Friday, September 17, 2010

That Time of Year

I knew it was that time of year again when I started hearing my neighbor kids practicing Beethoven's “Ode to Joy” and the theme song from “Titanic” on their school issued plastic recorders. To me the recorder playing signals the eminent arrival of Independence Day, or as I refer to it, Independence Week. A few weeks ago when I heard kids hitting off key notes around town it immediately made me think back to my host sister Lidia in Alotenango. She too practiced the recorder around this same time and then it dawned on me that I have been here long enough to start noticing yearly seasonal and cultural patterns. It kinda makes Guatemala feel a little bit more like home.

This Independence Week played out much like it did last year. Parades, running of the torcha, fireworks etc. The first activity I participated in was the crowing of this year’s “Señorita Independencia.” You’ll remember from my last post that we had a few beauty pageants in town recently- none of which was used to decide on the Independence Day Queen. Nope, there is no judging when it comes to choosing the Queen it’s done democratically through public voting. But remember, we are in Guatemala so instead of casting a ballot, you cast your vote (or votes) in currency. The girl with the most “votes” or “queztales” is crowned queen. In other words, its really just a test to see who’s parents love their little girl enough (and have the means) to fork over a few hundred Q’s to win her that sash and crown. Democracy Guatemalan style.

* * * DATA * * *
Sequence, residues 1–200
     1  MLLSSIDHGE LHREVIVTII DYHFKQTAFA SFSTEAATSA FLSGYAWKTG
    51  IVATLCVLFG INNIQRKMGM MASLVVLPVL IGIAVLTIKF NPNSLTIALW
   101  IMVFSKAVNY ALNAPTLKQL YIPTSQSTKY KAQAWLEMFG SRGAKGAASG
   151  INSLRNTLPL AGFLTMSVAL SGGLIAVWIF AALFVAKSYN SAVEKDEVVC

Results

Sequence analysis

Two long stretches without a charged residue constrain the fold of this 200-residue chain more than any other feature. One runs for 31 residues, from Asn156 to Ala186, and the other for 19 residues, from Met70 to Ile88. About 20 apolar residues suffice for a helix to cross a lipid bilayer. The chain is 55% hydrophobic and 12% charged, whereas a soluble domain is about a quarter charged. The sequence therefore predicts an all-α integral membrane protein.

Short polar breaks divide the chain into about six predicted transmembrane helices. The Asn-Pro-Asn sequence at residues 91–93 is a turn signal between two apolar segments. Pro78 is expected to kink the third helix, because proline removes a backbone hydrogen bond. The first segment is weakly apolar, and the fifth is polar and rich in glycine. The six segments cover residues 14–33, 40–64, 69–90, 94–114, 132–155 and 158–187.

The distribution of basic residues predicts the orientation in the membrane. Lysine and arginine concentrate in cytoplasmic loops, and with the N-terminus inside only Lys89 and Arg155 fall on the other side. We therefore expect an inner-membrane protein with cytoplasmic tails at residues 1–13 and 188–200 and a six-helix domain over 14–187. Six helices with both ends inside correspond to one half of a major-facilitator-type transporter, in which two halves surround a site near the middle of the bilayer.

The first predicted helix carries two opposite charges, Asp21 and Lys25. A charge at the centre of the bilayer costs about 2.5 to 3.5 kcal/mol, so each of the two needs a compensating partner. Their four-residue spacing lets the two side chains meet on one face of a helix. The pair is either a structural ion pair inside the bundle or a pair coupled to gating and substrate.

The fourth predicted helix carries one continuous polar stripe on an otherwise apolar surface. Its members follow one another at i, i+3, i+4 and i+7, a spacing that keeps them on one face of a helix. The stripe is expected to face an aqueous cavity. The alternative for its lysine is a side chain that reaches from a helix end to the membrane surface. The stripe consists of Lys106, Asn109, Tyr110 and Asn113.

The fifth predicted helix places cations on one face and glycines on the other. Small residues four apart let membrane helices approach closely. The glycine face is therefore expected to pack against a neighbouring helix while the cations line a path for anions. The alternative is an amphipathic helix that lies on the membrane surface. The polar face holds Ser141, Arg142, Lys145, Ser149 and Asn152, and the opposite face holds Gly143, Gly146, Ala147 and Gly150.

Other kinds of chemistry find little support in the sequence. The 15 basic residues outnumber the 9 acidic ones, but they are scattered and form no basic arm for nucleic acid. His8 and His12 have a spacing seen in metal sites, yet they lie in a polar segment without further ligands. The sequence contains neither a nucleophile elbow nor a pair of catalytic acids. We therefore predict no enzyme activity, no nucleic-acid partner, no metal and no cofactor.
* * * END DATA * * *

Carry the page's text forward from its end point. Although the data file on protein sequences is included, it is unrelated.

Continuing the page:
One other new activity for me this year was the singing of the national anthem. I guess last year I missed this but no fear, I got my fill this year. I went to a total of three Independence Day activities at the local schools, each of which started with the National Anthem. First, at the crowning of the “Señorita Independencia”, kids lined up in front of the stage and sang along with a recorded version of kids singing the anthem. To me it was a bit awkward - I felt like I was watching a lip-sync contest without the enthusiasm. Second, at the “Premaria” or elementary school activity the director of the school must have been embarrassed about the previous Milli Vanilliesque anthem performance and made a BIG deal about having everyone sing the anthem a cappella. He even insisted that the vendors stop selling food while the anthem proceedings were underway. To Americans this may seem like standard procedure, but then again our national anthem isn’t ten minutes long. Yes folks, I think the Guatemalan anthem might be the longest in the world- its like a marathon- I agree vendors should stop selling but only because they should be passing out gatorade to quell exhaustion from undertaking the venture. Jokes aside, I was pleasantly surprised by the publics performance sans recording. Almost everyone knew all of the words, or did a good job of faking it.

I’m going to leave you with some wonderful sights and sounds of the Independence Day hoopla. Viva Guatemala!

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